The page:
The Hard Talk About Literacy

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Some of us have had enough of the international days already. From the International Mother Language Day to International Women’s Day, to International Day of Happiness and now to the International Literacy Day. These international days serve as powerful reminders to many issues we take for granted like the ability to read and write.

The Hard Talk About Literacy
The Hard Talk About Literacy –

When we take a critical look at literacy, we will understand that it has far-reaching effects than the ability to read books, newspapers and road signs. There are some social, cultural and economic benefits of literacy for individuals as well as the economy. The claim that literacy goes beyond reading and writing can be alluded to UNESCO’s explanation of literacy that: “literacy is now understood as a means of identification, understanding, interpretation, creation, and communication in an increasingly digital, text-mediated, information-rich and fast-changing world”.

It is then no surprise that we live in a society where being regarded as an “illiterate” sounds insulting. The Longman Dictionary of Contemporary English simply defines “illiterate” as “someone who has not learned to read or write”. So, what is the big deal about reading and writing?

Our lives have changed in several ways this year 2020, such that we all are learning to adapt daily. The current realities of the world in this period of COVID-19 call for us to re-examine matters which we take for granted such as literacy. There are discussions we are not having about literacy in Nigeria and this article is here to point them out:

  • Not all children attending school are literate: it is almost unbelievable that a child attending a school can still be regarded as an illiterate when school is meant to offer literacy skills to children. But, here is where the quality of education matters a lot. I have met a primary 4 pupil of a public primary school in a remote village in Nigeria who could not spell her name, let alone write it.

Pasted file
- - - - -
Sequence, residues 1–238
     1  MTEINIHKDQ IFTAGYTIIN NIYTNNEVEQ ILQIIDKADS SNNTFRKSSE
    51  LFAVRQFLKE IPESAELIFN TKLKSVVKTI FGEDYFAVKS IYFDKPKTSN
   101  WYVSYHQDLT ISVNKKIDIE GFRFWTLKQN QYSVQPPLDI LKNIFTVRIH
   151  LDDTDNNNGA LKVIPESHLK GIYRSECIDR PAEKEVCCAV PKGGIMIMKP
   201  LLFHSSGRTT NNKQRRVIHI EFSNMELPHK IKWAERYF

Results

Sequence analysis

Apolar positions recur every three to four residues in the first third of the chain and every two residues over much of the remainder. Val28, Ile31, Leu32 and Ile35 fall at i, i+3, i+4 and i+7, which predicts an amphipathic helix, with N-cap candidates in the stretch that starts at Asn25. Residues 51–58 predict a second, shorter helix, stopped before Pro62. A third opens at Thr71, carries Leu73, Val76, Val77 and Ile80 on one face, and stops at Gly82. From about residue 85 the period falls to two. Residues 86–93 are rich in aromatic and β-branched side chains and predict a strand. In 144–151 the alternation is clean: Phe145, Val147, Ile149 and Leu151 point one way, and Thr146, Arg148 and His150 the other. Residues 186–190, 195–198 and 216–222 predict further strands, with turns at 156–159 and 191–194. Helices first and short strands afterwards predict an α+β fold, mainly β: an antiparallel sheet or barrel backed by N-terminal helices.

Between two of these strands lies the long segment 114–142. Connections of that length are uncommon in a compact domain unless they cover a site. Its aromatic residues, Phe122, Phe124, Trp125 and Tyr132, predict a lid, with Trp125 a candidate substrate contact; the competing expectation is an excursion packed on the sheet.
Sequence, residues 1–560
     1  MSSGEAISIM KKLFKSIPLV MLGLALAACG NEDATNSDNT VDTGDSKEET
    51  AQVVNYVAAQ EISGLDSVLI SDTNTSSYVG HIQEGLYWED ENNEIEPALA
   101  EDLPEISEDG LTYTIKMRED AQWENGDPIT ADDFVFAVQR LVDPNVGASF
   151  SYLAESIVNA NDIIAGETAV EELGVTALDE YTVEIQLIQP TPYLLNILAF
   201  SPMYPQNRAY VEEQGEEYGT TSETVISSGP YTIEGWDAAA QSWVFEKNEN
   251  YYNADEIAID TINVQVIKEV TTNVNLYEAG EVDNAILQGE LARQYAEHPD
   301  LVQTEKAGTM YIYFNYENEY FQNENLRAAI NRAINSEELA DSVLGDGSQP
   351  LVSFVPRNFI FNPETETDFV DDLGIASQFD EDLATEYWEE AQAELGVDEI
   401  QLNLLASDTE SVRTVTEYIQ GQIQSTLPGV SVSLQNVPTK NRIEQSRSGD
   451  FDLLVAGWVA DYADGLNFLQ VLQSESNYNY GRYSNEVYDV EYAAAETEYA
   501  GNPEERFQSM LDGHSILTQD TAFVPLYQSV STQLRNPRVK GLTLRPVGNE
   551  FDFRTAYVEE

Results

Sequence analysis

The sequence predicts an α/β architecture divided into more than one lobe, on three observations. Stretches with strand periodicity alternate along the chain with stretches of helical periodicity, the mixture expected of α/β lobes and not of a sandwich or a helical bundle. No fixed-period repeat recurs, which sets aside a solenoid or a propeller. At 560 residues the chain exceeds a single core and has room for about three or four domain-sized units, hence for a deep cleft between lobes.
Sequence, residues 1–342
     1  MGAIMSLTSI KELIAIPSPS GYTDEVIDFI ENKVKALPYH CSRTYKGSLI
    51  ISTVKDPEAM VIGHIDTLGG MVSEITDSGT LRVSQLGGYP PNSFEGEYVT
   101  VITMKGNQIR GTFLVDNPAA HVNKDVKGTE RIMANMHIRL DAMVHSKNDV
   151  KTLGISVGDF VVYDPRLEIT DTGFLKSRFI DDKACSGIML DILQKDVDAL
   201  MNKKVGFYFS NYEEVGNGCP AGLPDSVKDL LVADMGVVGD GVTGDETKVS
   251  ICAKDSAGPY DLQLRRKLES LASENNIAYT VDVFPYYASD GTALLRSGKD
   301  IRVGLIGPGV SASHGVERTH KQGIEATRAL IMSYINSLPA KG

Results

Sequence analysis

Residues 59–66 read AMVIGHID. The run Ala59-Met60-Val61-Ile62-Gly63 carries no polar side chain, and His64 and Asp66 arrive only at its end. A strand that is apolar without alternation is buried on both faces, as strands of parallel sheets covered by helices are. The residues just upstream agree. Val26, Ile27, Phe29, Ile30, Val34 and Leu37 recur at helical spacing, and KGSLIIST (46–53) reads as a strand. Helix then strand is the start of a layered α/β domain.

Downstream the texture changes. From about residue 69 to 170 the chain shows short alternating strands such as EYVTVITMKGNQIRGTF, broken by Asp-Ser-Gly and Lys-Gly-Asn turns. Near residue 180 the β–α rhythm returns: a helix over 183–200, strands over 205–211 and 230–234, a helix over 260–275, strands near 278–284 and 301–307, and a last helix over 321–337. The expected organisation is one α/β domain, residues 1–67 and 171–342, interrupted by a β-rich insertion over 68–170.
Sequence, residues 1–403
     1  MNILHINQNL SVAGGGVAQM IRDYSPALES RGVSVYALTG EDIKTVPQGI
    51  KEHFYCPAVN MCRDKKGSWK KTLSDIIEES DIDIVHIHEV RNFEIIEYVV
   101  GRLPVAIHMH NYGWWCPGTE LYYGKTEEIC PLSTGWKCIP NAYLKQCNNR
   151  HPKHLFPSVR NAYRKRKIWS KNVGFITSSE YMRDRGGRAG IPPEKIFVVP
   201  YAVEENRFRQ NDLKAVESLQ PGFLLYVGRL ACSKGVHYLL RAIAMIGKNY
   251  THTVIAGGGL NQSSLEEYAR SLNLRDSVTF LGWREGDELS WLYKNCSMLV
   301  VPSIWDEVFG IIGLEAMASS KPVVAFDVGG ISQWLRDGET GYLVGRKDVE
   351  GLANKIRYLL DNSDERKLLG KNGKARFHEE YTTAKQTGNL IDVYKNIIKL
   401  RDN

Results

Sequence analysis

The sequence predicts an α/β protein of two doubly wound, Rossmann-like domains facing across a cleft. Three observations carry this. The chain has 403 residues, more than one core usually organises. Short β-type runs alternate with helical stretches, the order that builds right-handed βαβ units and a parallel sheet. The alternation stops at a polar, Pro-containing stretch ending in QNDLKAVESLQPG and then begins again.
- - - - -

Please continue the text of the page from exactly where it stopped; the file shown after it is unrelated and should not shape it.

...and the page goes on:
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Similarly, other people have shared their experience with primary school graduates who cannot read. The point is that we do not have to keep children in school if they are not gaining essential skills that will make them independent adults. Hence, we should ensure that schools are offering adequate literacy skills at all levels of education.

  • The learning crisis is worse now: According to some infographics by the United Nations on Sustainable Development Goal (SDG) 4, school closures due to COVID-19 kept 90% of all students out of school- reversing years of progress on education. The effect of school closures on literacy will vary for children depending on if they get educational support from home. We know that remote learning is out of reach for some children. Therefore, an extended period of these school closures will affect the children struggling with literacy without out-of-school learning support.
  • Literacy support programmes are important to inspire hope in communities: These are trying times for everyone in the world and we are all looking for ways to support ourselves. There have been many laudable initiatives to support communities at these times. Many of these have revolved around providing food and sanitation to people in low-income communities. However, little progress has been made towards educational support in these communities. Children from low-income households do not have access to sophisticated remote learning facilities. As a result, parents are looking for what to do with their children during the period of school closure. One way to restore hope in these communities is to support literacy programmes that can keep children engaged even when their schools are locked.
  • Literacy is a tool for empowerment: When people can read and write, they reap the benefits of literacy for themselves and their communities. They become aware of their rights and can compete favourably with their peers. Literacy bridges the gap of social exclusion and promotes active civic engagement. In other words, we can harness the benefits of literacy to bring people out of the cycle of poverty. The World Bank in a report emphasizes the fact that literacy and other basic skills are foundational for helping countries achieve education outcomes.
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In all, let’s make deliberate efforts to promote literacy in our communities. The International Literacy Day is not just another international day. We need to extend our discussion on literacy beyond this day. In the end, we will discover that the hard talk about literacy is indeed hard.


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